Wednesday, July 19, 2017


PROPERTY IS THEFT was written on John Reed's door in Warren Beatty's film 'Reds'. Have been having an argument about Property Rights and Human Rights. My Devil's Advocate proclaims that Property Rights are a Human Right. I see a clash between the two. That only those with privilege get to have Property Rights, by means of gender, race, education, religion, title, wealth, etc., from which they exclude the Other, who are women, children, indigenous, nomadic, illiterate, poor, those Many who labour for the wealth creation of the Few.

If I were male I could claim Versailles, Irish Georgian mansions, Saltaire, as my ancestral privilege. But these are best as humankind's patrimony, UNESCO World Heritage Sites, not mine.

Today the battle is raging in America and in Europe to tax links on the Web. But after WWII there was the Florence Accord and the Nairobi Protocol ( in international law forbidding the use of customs duty on the scholarly exchange of information, on books, films, etc. As an author I find it is now the publishers and the libraries with manuscripts who profit from our research, not ourselves, blocking us from sharing the world's intellectual inheritance. Copyright for authors is become meaningless though it is our intellectual property that we seek to share with others with just sufficient return as our livelihood. At the French Revolution monastic libraries with their manuscripts were seized by the State so that they could become France's great Bibliotheque Nationale and bibliotheques municipales. But now one finds oneself forced to pay reproduction rights if one attempts to share their holdings with the congregation of Benedictine nuns who wrote them and from whom the manuscripts were seized at the Revolution, the nuns themselves imprisoned, awaiting the guillotine.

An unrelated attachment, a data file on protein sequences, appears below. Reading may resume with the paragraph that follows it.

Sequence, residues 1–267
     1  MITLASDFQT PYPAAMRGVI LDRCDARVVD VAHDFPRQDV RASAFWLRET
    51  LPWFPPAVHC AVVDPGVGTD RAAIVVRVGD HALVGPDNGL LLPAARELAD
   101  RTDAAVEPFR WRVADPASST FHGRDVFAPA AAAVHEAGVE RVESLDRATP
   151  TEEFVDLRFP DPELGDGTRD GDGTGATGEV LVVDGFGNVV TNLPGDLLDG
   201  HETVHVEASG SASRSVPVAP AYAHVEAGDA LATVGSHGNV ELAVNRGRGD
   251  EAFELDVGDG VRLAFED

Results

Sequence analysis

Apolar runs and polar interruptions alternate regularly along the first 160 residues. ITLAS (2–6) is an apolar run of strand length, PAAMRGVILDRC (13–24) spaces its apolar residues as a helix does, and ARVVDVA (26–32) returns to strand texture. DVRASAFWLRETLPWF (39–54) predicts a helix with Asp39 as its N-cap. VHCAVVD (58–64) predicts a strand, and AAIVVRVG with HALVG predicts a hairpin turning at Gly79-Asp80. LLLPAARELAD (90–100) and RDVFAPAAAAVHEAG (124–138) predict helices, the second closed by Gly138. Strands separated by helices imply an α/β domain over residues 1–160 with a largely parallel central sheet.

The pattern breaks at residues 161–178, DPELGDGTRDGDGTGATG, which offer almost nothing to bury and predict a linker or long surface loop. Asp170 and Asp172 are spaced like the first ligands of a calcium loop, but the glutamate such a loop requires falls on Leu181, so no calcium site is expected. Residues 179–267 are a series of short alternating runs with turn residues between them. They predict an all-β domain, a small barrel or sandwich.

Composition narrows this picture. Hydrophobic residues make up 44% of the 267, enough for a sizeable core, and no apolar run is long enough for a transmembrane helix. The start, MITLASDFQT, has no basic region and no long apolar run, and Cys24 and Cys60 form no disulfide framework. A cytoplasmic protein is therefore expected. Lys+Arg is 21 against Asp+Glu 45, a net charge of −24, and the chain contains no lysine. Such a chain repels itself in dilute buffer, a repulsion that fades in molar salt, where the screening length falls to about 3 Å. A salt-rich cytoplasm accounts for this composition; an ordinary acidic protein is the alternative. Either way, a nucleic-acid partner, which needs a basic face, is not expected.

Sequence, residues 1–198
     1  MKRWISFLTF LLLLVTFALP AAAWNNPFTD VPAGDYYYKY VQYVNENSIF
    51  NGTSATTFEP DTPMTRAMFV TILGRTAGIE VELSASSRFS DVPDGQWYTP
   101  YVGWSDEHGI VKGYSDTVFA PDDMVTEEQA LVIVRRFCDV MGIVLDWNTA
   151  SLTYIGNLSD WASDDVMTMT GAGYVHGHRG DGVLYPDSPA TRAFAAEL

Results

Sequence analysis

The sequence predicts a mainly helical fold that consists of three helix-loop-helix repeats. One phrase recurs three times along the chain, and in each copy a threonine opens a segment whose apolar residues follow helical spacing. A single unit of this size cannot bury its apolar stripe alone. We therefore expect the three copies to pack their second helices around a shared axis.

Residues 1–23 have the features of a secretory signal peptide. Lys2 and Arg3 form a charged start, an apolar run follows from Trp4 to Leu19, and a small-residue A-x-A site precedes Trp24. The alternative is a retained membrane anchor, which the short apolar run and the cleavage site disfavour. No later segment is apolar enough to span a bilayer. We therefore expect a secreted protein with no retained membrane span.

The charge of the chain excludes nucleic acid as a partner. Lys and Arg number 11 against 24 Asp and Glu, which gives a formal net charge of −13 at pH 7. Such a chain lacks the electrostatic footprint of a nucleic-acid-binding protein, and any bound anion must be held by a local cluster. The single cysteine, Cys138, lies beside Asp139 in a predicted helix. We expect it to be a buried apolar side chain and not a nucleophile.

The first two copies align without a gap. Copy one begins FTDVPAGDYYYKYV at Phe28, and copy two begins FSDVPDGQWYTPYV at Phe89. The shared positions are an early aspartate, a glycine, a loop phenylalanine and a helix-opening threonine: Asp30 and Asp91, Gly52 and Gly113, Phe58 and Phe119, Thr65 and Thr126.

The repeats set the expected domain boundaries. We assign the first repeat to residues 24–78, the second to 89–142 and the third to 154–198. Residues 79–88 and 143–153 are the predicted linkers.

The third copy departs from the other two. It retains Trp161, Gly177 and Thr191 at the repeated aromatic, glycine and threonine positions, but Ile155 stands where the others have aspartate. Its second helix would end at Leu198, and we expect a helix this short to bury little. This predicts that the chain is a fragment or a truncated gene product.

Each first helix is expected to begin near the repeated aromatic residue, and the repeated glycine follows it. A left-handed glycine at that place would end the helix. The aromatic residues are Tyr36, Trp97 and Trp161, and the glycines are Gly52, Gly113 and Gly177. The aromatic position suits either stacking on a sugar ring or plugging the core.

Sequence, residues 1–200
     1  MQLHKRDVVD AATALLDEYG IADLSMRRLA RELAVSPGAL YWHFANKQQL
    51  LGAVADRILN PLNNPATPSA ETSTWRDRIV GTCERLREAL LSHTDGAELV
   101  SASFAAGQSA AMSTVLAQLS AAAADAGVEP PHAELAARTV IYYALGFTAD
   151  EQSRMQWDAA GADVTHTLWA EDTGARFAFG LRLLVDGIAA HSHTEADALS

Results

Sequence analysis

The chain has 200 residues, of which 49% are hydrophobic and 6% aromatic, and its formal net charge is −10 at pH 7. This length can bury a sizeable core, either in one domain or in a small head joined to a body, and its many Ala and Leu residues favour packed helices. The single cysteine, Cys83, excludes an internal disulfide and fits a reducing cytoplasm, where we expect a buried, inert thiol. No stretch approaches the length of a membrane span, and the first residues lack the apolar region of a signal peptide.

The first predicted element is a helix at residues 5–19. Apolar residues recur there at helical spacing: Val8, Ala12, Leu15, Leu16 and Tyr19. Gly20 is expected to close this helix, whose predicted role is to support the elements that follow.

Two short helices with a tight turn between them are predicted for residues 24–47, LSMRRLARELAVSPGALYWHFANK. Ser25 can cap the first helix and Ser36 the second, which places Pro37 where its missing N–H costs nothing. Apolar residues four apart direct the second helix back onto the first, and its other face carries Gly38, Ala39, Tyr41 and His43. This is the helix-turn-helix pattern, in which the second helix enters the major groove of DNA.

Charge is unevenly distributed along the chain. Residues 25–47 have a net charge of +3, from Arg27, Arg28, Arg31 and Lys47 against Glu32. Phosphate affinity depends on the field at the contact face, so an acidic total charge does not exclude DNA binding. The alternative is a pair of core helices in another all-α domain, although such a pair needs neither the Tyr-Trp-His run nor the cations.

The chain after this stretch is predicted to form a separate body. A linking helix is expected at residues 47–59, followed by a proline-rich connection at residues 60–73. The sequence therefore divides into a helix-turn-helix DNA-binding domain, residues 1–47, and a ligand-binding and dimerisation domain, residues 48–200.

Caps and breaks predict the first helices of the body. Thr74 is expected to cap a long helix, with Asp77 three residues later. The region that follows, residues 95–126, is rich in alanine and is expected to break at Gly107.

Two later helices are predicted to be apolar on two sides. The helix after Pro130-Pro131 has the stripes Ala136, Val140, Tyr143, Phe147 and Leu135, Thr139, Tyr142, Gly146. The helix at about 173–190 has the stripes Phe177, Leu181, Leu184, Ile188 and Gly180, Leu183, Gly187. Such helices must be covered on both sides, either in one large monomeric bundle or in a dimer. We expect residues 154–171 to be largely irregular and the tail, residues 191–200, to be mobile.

I and my library signed the Budapest Open Access Initiative, the BOAI. These are the principles of the Republic of Letters. That our scholarship is to be generously shared and made freely accessible. Not swallowed up into capitalistic profit-making concerns that pay themselves, strangling academic libraries economically with huge subscription payments, and not paying the authors from whom they profit. Where profits are disproportionate there needs to be a fair sharing instead, not today's austerity of the many for the benefit of the few, We don't need to accept, to our detriment, the Orwellian world of 'Citizen's United', which is really 'Corporations United' against 'We, the People'. We need our intellectual commons, free democratic education, access to land, the World Wide Web, for the common prosperity of the globe.